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Page 12 of 15
Volume II of the Annals of Senait

This volume, published in 1893, six years following the first, covers the years 1057 A.D. to 1378 A.D., with a gap of 27 years between 1132 A.D. and 1155 A.D. What happened to the missing four pages is unknown.

1060 A.D. Strict calendar reckoning.

Two years [and] ten ended,
Five thousand without any defect--
Ua Forreidh acutely found,
According to very established, very decisive rule--
From beginning of the hoary world comes
The decease of Domnall Deiseach.

1065. A.D. The passing of a Scot.

"Dubtach, the Scotsman, chief soul-friend of Ireland and Scotland, rested in Ard-Macha"

Dubtach, person righteous, dour,
For him there will be a dwelling roomy, noble,
Heaven the soul-friend found, it is seen.

1067 A.D. Again the counting of the years.

"Aedh Ua Concubuir (namely, Aedh 'of the gapped spear'), arch-king of the Fifth of Connacht, helmsman of the championship of the Half of Conn, was killed by the Conmacni in which fell many...."

Seven years [and] sixty, not trifling,
And a thousand, great the triumph,
From Birth of Christ, not vain the sway,
Until fell Aedh, king of Connacht.

1086 A.D. "Mael Ua Brolcain, master of wisdom and of piety, and in poetry in either language, sent forth his spirit."

The seventeenth of the Kalends of February
The night of the feast of Fursa fair,
Died Mael-Isu Ua Brolchain,
Alas! who [is there] to whom it is not grievous, plague sore?

To assist the reader, Mael-Isu "Devotee of Jesus", and poet "in either language", meaning Irish and Latin.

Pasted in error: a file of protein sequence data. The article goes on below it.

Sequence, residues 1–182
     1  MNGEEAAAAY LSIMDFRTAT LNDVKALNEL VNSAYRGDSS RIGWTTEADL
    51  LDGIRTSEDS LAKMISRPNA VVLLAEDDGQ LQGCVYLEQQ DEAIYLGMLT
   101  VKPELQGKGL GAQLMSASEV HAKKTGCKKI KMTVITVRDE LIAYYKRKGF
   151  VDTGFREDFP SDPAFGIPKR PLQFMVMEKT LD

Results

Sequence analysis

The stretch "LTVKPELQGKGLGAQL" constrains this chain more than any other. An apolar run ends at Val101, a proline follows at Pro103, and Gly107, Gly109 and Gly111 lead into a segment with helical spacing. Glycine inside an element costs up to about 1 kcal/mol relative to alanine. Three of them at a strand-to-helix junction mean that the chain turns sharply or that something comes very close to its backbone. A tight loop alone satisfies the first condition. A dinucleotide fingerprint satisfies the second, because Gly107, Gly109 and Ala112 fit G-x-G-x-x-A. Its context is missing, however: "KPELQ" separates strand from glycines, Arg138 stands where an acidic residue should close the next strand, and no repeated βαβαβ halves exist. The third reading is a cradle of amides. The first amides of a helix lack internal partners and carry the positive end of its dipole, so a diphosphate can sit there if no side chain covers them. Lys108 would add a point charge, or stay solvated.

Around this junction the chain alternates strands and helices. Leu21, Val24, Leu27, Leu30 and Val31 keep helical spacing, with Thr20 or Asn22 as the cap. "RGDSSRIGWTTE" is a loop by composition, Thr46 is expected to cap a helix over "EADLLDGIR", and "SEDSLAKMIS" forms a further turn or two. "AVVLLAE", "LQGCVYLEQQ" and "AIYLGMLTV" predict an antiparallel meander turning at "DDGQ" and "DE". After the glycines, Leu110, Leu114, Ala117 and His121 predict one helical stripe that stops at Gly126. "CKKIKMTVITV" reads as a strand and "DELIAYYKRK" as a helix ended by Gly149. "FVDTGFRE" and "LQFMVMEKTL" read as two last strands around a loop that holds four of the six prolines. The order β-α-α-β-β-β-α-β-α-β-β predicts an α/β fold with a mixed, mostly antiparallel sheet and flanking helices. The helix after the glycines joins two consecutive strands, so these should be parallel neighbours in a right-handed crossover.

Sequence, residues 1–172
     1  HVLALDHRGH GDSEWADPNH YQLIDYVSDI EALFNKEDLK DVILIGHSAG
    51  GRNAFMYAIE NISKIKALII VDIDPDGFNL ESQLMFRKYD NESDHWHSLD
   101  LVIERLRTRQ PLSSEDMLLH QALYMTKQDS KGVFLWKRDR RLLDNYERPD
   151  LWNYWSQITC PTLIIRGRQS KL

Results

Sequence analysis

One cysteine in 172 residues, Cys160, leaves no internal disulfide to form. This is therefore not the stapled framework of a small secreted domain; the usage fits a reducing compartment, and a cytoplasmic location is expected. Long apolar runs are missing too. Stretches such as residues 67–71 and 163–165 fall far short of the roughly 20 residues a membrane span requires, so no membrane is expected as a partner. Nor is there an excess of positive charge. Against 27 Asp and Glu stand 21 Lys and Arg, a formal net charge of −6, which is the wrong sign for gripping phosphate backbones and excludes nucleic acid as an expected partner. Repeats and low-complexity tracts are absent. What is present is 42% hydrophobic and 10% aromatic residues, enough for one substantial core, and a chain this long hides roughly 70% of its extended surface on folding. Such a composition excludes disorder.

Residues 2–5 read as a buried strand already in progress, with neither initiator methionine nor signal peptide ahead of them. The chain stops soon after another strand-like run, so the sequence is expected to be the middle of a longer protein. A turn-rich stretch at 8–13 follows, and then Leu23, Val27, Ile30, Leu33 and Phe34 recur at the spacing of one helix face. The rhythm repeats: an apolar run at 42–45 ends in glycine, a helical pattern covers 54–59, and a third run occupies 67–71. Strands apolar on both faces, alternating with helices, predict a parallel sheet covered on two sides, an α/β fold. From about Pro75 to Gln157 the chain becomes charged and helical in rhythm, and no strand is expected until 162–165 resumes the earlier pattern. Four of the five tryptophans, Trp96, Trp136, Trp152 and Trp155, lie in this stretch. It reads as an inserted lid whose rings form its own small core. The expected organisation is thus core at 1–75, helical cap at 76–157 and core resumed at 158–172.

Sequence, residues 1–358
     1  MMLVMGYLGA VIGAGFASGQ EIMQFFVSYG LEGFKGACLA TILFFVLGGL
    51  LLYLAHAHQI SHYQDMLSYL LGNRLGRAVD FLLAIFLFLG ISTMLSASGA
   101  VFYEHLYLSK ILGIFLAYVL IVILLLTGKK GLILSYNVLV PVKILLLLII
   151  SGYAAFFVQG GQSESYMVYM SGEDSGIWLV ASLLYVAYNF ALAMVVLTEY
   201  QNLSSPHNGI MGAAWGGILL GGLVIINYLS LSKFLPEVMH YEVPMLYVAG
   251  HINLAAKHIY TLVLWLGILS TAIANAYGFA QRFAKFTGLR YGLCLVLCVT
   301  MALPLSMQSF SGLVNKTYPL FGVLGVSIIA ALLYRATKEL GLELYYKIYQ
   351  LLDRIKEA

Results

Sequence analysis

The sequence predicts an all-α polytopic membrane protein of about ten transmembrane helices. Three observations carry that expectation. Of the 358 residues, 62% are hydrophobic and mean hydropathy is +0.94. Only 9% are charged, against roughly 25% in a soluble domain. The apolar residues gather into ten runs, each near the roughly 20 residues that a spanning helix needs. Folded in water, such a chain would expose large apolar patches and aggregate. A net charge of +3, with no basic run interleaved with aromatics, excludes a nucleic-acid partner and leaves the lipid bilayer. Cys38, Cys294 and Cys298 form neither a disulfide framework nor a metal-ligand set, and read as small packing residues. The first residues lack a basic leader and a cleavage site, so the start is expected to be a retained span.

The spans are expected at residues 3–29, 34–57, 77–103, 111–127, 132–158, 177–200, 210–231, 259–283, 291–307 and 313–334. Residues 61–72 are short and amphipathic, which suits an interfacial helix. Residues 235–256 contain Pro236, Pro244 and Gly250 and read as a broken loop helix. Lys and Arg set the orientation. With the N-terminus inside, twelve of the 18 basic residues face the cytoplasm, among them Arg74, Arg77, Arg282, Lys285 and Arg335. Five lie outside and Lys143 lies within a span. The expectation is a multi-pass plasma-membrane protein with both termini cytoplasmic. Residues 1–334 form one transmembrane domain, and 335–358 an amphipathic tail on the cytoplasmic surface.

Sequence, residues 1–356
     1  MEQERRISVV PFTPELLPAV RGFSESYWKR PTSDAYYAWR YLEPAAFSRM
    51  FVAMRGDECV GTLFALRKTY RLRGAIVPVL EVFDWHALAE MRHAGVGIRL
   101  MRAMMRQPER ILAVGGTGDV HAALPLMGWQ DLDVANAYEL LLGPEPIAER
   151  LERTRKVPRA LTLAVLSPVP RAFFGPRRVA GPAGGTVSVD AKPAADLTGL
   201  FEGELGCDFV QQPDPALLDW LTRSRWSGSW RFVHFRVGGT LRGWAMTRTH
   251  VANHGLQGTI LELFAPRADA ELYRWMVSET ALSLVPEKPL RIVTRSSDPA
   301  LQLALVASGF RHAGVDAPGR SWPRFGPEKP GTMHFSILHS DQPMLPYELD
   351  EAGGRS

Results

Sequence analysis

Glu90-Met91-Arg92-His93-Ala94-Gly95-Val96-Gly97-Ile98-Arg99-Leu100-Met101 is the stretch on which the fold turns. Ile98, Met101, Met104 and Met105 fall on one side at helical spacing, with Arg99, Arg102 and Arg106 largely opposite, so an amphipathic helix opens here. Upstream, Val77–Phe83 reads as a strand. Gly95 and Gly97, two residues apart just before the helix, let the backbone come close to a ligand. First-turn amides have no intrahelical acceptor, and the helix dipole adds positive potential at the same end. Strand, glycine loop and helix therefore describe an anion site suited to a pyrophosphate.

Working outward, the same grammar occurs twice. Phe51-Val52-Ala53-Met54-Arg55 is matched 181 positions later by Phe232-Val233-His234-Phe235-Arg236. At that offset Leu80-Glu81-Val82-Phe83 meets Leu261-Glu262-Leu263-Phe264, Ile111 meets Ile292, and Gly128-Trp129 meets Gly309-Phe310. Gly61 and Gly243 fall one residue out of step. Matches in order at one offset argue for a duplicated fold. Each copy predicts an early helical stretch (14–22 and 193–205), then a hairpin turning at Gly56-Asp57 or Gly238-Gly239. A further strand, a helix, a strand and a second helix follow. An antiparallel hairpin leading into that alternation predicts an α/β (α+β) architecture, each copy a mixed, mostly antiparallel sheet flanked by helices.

In the same year:

"Tairrdelbach Ua Briain, king of Ireland, died in Cinn-coradh, after much suffering and after long penance and after partaking of the Body of Christ and of His Blood, on the 2nd of the Ides [14th] of July, in the seventh year [and] seventieth of his age":

The night of Tuesday, on the foreday of the Ides of July,
On the feast of James of pure mind,
On the ninth [and] twentieth [of the moon], died
The stout arch-king, Tairrdelbach.

1088 A.D. "Cathalan Ua Forreidh, master of wisdom and piety on the third of the Nones [5th] of March rested in peace, the Sunday of the beginning [of Lent]."

Cathalan, the devotee just,
He was a community elder, he was a senior;
To heaven, into its sunny mansion bright,
He went on the feast of Ciaran of Saighir.

This is the first use of the term "senior" used in an obituary nine centuries ago. This twenty-first century scribe, who is a senior, is happy to note its honorable connotation.

1173 A.D. A moving eulogy in prose, worthy of preservation.

"Muiredhach Ua Cobhthaigh, bishop of Cenel-Eogain and of all of the North of Ireland, the son of chastity and the precious stone and the gem of purity and the shining star and the preserving casket of wisdom and the fruitful branch of the Canon and the fount of charity and meekness and kindliness and the dove for purity of heart and the turtle for innocence and the saint of God among men, after ordaining priests and deacons and persons of every [church-] grade besides,--namely, seventy priests, and after renovating many churches and after consecrating churches and cemeteries and after building many monasteries and regular churches and [performing] every ecclesiastical work besides and after bestowal of food and clothing to the poor, after victory and piety and penance and pilgrimage, he sent forth his spirit unto heaven in the Penitentiary of Colum-cille in Daire, on the 4th of the Ides [10th] of February, on the 6th [recte, 7th] feria. Now a great marvel was wrought on the night he died,--the night was illuminated from Nocturne to the call of the cock and the whole world [was] a-blaze and a large mass of fire arose over the place and went south-east and everyone arose, it seemed to them it was the day. And it was like that by the sea on the east."

What a richness of language, the sun, the stone, the gem, the star, the casket, the branch, the fount, the dove, the turtle, the saint of God among men!

Astronomers may care to check their charts for the heavenly illumination on the date(s) given.


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